Be a coffee tycoon and private eye in the newest genre: business management noir - via PC Gamer

Now this here is exactly my thing.

Who wouldn’t want to play a game that is part nerdy spreadsheet-based management simulator and part graphic novel-esque detective story? And it’s about coffee?

Sign me up.

Read the full story (and watch the trailer) here.

More Headlines

Record-breaking Auction For Nicaraguan Coffee Farmers

Just In Time For Summer: Kahlúa’s Ready-To-Drink Boozy Nitro Cold Brew

Former Dave’s Coffee Employees Laid Off During Pandemic Upset Over New Job Posting

Coffee cherries on a branch

Coffee cherries on a branch

The Week In Coffee Greenwashing

Good news everybody. Starbucks is joining eight other corporate giants—including Nike, Maersk, Microsoft, Danone, and Mercedes-Benz—in a new initiative called Transform to Net Zero.

The goal? “To accelerate the transition to a net zero global economy no later than 2050,” according to Global Coffee Report.

To do this, the companies will, per a story in GreenBiz, “Encourage businesses around the world to adopt science-based climate targets that address the environmental impact of their full value chains, sometimes known as Scope 3 emissions” and “Share information on investing in carbon-reduction technologies and to collectively push for public policies that accelerate the net zero transition.”

Sounds great! Lots of excellent corporate-speak there.

Again, as always, it bears repeating that of course it’s good that big companies are taking these steps. It just. . . feels like maybe it’s not enough?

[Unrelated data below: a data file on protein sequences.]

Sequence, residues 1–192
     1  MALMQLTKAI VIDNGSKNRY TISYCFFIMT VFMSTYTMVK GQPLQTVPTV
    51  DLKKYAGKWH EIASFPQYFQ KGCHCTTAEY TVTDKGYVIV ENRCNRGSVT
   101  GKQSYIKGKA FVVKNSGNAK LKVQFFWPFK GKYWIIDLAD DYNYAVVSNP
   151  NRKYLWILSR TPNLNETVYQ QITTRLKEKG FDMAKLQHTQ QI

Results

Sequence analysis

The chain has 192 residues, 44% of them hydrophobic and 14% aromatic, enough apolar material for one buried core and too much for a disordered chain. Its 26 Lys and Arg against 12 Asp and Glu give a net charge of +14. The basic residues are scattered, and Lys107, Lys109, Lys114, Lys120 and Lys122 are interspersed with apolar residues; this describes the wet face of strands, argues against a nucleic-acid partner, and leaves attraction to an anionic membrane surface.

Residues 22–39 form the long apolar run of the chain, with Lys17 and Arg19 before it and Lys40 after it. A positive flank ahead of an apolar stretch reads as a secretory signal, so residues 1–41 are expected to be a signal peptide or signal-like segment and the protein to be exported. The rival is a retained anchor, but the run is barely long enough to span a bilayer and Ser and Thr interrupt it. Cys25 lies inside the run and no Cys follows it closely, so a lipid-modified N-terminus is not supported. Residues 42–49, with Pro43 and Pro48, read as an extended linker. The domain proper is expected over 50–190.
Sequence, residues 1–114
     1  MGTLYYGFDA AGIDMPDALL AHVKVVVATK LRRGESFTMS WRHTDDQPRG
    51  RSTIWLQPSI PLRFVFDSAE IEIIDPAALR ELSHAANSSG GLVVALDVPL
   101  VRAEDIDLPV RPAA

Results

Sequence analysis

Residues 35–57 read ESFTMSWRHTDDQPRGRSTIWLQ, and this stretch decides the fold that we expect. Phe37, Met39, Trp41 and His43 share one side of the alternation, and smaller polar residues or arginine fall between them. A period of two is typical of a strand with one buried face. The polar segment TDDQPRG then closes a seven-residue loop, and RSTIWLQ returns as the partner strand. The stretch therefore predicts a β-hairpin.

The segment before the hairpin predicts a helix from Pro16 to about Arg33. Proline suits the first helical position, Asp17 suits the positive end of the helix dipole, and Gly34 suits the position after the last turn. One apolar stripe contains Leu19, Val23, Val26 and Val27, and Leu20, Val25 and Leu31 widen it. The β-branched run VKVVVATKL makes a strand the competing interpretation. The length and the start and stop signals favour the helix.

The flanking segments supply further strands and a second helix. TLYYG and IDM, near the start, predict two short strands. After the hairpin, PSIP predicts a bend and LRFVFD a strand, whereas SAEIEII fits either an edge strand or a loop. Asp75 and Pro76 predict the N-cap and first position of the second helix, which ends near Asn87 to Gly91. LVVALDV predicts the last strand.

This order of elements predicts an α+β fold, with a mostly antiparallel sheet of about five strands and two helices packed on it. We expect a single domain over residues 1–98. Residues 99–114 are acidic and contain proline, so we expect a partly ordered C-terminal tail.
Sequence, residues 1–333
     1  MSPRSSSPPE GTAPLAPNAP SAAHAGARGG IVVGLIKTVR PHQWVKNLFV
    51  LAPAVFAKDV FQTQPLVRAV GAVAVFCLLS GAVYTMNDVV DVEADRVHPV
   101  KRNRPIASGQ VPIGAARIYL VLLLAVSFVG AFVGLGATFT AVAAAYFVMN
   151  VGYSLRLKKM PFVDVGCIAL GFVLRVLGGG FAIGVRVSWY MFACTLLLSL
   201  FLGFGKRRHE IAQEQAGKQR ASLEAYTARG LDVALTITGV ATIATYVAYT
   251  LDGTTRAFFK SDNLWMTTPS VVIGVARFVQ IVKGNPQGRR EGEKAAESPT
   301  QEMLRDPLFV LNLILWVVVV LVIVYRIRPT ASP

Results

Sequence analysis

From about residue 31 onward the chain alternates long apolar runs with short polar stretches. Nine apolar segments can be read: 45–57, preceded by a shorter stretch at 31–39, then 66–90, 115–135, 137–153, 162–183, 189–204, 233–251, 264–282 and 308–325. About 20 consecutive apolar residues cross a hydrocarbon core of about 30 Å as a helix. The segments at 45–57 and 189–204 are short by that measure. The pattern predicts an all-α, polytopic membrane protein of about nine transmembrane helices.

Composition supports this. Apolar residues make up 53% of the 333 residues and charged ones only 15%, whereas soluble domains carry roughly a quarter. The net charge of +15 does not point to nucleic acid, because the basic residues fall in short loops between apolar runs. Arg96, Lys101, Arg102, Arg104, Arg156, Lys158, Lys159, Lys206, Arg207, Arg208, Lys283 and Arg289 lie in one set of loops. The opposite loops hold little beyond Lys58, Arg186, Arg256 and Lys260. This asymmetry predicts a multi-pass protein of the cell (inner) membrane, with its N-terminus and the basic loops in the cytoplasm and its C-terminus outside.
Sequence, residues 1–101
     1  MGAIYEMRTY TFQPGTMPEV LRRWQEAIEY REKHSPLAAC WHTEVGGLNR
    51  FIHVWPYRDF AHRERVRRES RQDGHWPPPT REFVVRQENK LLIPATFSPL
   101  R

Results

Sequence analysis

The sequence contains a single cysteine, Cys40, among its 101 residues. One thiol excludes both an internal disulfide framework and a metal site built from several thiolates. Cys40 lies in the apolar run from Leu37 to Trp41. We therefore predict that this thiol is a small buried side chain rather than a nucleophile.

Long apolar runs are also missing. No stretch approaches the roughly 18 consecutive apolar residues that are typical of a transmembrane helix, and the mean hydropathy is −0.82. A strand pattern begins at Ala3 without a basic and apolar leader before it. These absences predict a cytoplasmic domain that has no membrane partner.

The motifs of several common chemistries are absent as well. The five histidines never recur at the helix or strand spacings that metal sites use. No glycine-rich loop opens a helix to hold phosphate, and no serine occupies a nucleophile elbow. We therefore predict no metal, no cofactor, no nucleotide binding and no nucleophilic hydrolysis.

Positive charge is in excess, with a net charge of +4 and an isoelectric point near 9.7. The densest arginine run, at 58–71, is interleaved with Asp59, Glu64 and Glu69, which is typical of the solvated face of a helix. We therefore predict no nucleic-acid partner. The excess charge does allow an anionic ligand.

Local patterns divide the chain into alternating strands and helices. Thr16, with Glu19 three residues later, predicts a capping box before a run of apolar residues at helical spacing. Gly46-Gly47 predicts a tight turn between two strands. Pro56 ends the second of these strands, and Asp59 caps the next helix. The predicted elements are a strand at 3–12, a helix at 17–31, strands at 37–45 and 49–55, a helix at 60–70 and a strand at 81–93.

Siberia is on fire. The Amazon is (still) on fire. A pandemic is ravaging the world, a situation which is more likely to occur again in the future due to climate change.

Maybe they should be doing more, with their billions of billions of dollars of profit and massive externalized risks?

Any maybe—just maybe—they shouldn’t be getting fawning praise for what, judging by the many articles, amounts to some wishy-washy plans and not a lot of concrete solutions.

Is Coffee Good For You?

Drinking up to five cups a day has “no long-term risks” according to an article in Insider and in fact reduces “the risk of chronic diseases, according to a  review published July 23 in the New England Journal of Medicine.”


95 different studies were, well, studied for this review, which tried to collate all the currently agreed upon science around coffee and health. The results?

“Coffee-drinkers have a slightly lower risk of obesity, heart disease, and some forms of cancer and dementia.” Yeah!

“The drink is also linked to lower risk of many chronic illnesses such as cardiovascular disease, liver disease, breast cancer, prostate cancer, and several types of skin cancer.” Heck yes!

“According to the review, these benefits are mild. Studies suggest a strong enough association that the benefits are promising, but not so much so that medical experts recommend starting to drink coffee if you don't already.” I’ll take it!

What To Read

Bartholomew Jones: The Sprudge Twenty Interview by Jordan Michelman

Meet The Barista Coalition, A Coffee Family From LaChrista McArthur by Nick Brown

Want To Make Profits From Coffee In China? It's Actually A Grind by Sophie Yu and Brenda Goh

Until next week, drink good coffee. Support local coffee roasters. Wear a mask.